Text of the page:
The Language of the LensPosted on: July 10, 2012 in Creativity & The Arts
Nidaa Aboulhosn, graduate student in photography in the College of Fine Arts, came to the UA to study photography. Various factors drew her, from the program’s rich history to its excellent reputation. But there was another factor, one that drew her focus down to one person.
“I chose to come to the U of A,” she says, “maybe because Frank Gohlke is teaching here.”
Dennis Jones, director of the School of Art, helped recruit Gohlke to the UA. He describes Golkhe as a “national treasure on the national and international scene of landscape photographers.”
“He is a two-time Guggenheim winner,” he says. “What’s amazing is to go to the Metropolitan Museum in New York or the Museum of Modern Art and see Frank Gohlke’s work hanging on exhibit there.”
Needless to say, Gohlke is extremely accomplished in his field. But he is also known as an excellent educator – personable and funny – but able to teach his students the language of the lens.
Using the Camera to Speak
For Aboulhosn, Gohlke’s talent lies in his abililty to capture deep meaning in his images. And it is that talent she wants to cultivate within herself as she strives to capture the landscapes of her home country, Lebanon.
“He (Gohlke) uses it more as a language, which is the way I work, too,” she says. “I’m not just interested in making pretty pictures or making conceptual work that illustrates an idea. It’s somewhere in between.”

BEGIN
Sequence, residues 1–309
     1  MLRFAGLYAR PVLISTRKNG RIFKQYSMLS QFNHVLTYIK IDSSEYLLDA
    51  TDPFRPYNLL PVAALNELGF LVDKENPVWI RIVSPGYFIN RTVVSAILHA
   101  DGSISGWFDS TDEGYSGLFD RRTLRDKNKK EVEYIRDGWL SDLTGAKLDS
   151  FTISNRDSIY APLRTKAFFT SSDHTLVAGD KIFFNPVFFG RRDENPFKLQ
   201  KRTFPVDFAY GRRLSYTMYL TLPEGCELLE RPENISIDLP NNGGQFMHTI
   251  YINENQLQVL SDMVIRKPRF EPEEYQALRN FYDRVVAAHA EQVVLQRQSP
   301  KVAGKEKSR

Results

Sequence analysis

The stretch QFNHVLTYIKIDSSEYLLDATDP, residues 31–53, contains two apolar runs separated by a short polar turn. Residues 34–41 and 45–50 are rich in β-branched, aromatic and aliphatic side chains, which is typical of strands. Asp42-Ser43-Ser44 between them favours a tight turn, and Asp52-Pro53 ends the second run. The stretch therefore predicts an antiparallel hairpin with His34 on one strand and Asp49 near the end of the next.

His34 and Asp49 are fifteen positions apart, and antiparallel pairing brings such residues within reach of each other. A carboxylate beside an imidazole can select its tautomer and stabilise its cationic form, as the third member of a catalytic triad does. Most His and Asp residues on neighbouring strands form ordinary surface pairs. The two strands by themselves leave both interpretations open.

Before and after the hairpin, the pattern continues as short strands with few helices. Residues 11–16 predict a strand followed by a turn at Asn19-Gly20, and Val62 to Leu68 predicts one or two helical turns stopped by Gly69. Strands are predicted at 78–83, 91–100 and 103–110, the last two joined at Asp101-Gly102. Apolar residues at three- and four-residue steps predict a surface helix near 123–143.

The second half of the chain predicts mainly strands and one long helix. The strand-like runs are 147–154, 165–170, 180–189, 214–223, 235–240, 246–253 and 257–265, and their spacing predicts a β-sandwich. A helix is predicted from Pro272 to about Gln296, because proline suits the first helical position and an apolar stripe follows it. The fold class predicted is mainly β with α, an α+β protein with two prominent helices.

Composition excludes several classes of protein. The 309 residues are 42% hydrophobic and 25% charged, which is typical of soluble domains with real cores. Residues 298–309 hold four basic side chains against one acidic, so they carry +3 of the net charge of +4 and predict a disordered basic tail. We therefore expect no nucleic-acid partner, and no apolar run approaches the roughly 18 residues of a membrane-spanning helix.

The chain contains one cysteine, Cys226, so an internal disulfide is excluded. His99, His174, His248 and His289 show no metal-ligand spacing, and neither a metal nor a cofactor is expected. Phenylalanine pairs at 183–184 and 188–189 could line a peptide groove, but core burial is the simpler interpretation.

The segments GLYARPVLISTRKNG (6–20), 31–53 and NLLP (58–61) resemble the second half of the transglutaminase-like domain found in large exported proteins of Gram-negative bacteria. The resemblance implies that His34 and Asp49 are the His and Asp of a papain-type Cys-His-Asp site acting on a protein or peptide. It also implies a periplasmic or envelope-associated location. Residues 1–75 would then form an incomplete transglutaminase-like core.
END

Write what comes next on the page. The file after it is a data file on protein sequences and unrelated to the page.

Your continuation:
Aboulhosn’s goal is to create photographs that serve as poems, using pictures like words in a sentence. Through her art, she tries to achieve a balance between thoughtful and spontaneous.
“There’s a method behind the work,” she says, “but it’s not over-calculated to the point of becoming formulaic or boring.”
She likens this perspective to Gohlke’s, which makes him a perfect teacher to help her achieve her artistic goals.
From the Teacher’s Perspective
Gohlke understands what makes for great art, both as an artist and as an observer. He describes mediocre art as something that can be easily ignored, and great art as something that piques the curiosity. And that is a great trick, because once an artist creates a piece, it is up to the audience to judge its quality.
“An artist is the last person you want to ask about the meaning of their work,” he says, “because they just do it. Once she’s done with it, it’s ours. We can do what we want with it. Including ignore it.”
Aboulhosn hopes to gain this kind of perspective – an understanding of what makes for great art – through her studies with Gohlke.
Likewise, Gohlke finds the greatest satisfaction in providing that education.
“Teaching at the University of Arizona is quite a privilege,” he says. “All you can do as a teacher and a mentor is get somebody started, because it’s a lifetime vocation to realize what’s in you.”
Train your focus on the photography program at the University of Arizona School of Art.